This week we will be reading from parashat metzorah. Like its parashatic-twin tazria, metzorah continues the conversation about ritual purity and impurity stemming from the skin ailment of tzara-at.
In their commentaries of metzorah, the rabbis demonstrate their particularly creative mindset. Their interpretation of the skin disease that causes one to become a metzorah, a leper, is based on an acrostic. According to the rabbis, metzorah comes from the root motzei shem rah, literally, one who brings forth a bad name. Or more generally, one becomes a metzorah by engaging in lashon ha-rah, wicked speech and/or gossip.
Their feeling that one who engages in lashon ha-rah is the equivalent of one who transgresses the entire Torah. The rational being that lashon ha-rah causes great harm to all those involved: the one who speaks it, the one who hears it, and the victim.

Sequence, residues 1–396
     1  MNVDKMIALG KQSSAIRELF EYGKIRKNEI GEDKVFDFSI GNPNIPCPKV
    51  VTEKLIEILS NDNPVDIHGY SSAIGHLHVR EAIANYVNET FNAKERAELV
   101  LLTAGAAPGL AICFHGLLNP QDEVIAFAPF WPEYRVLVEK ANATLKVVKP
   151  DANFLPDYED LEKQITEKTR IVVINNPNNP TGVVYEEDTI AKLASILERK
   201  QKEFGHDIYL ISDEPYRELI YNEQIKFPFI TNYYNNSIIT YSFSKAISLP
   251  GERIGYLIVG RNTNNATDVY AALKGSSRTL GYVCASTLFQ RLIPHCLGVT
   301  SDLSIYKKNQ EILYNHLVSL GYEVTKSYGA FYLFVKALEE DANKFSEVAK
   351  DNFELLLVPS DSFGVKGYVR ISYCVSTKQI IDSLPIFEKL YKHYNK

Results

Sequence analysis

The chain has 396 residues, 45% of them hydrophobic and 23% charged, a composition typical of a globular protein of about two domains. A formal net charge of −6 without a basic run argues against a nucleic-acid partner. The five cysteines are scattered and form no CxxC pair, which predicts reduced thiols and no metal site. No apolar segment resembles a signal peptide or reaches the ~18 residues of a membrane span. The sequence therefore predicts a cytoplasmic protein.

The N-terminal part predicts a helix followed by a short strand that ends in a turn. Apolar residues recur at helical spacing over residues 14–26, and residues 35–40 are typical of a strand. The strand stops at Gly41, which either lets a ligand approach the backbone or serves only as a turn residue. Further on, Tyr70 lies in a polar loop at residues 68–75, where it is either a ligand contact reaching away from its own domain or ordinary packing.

Because of this, there is a lot written about speech and the power of speech in Jewish tradition. It all starts with Beresheet, where God speaks, and the world comes into existence. According to this understanding, words have the power to create and words have the power to destroy.
According to the Talmud, during the time of the Second Temple, the Jews hated each other without cause. This hatred led them to speak lashon ha-rah against each other. The result was that the Second Temple was destroyed, and the Jews were once again exiled because of the sin of lashon ha-rah. 1
Or to put it in a more modern understanding, trying to repair gossip is like trying to put the toothpaste back into the tube. Once it is out there, it is out there. Therefore, even if we struggle with the deeper meanings of ritual purity and impurity, we all know the power and dangers of speech. This has only been exasperated with the ease of communication through email and social media. There are times where we share and write words that we would never consider doing in-person.
On this Shabbat, may we all be reminded to watch our words carefully. And to remember that once spoken or written, they can never be taken back. Words can create worlds. Words can also destroy them. Let us always aspire for more creation.
Rabbi Benjamin A. Sharff
1 Babylonian Talmud Tracate Shabbat 56, Rashi